Sensory quality of drinking water produced by reverse osmosis membrane filtration followed by remineralisation

Research output: Contribution to journalJournal articleResearchpeer-review

  • Monique H. Vingerhoeds
  • Mariska A. Nijenhuis-de Vries
  • Nienke Ruepert
  • Harmen van der Laan
  • Bredie, Wender
  • Stefanie Kremer

Membrane filtration of ground, surface, or sea water by reverse osmosis results in permeate, which is almost free from minerals. Minerals may be added afterwards, not only to comply with (legal) standards and to enhance chemical stability, but also to improve the taste of drinking water made from permeate. Both the nature and the concentrations of added minerals affect the taste of the water and in turn its acceptance by consumers. The aim of this study was to examine differences in taste between various remineralised drinking waters.Samples selected varied in mineral composition, i.e. tap water, permeate, and permeate with added minerals (40 or 120 mg Ca/L, added as CaCO3, and 4 or 24 mg Mg/L added as MgCl2), as well as commercially available bottled drinking waters, to span a relevant product space in which the remineralised samples could be compared. All samples were analysed with respect to their physical-chemical properties. Sensory profiling was done by descriptive analysis using a trained panel.Significant attributes included taste intensity, the tastes bitter, sweet, salt, metal, fresh and dry mouthfeel, bitter and metal aftertaste, and rough afterfeel. Total dissolved solids (TDS) was a major determinant of the taste perception of water. In general, lowering mineral content in drinking water in the range examined (from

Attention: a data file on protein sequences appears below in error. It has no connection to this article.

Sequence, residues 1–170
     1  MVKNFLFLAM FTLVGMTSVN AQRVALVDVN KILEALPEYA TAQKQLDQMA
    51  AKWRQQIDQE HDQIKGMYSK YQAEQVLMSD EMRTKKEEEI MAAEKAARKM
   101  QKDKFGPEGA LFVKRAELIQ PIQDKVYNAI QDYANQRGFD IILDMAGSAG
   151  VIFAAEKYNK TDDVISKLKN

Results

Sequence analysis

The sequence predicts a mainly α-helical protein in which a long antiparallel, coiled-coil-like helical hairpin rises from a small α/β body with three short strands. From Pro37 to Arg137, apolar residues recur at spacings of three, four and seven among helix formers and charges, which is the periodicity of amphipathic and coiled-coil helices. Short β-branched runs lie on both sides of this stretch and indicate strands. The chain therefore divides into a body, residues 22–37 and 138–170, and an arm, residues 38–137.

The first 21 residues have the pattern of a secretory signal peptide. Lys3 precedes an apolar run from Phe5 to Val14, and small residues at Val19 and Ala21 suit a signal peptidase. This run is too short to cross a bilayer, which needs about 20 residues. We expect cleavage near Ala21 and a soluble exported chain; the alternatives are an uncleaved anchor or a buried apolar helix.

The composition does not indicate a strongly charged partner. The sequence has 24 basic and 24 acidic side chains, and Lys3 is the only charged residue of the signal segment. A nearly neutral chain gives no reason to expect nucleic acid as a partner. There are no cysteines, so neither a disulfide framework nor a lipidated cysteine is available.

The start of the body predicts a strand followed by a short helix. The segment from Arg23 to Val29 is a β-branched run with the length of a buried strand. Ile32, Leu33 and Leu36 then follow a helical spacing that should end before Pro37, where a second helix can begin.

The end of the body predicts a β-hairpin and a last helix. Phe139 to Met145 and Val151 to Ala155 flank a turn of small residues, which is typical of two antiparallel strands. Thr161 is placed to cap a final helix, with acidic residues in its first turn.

Original languageEnglish
JournalWater Research
Pages (from-to)42-51
Number of pages10
Publication statusPublished - 2016

    Research areas

  • Drinking water, Mineral composition, Post-treatment RO permeate, Remineralisation, Sensory analysis, Taste perception

ID: 158539617